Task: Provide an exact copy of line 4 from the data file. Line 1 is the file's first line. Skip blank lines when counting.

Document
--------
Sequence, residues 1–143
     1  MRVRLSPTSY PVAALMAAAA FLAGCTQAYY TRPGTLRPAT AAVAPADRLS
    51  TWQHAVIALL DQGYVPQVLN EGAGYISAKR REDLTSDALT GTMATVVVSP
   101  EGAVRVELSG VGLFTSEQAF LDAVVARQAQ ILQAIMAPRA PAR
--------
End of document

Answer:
   101  EGAVRVELSG VGLFTSEQAF LDAVVARQAQ ILQAIMAPRA PAR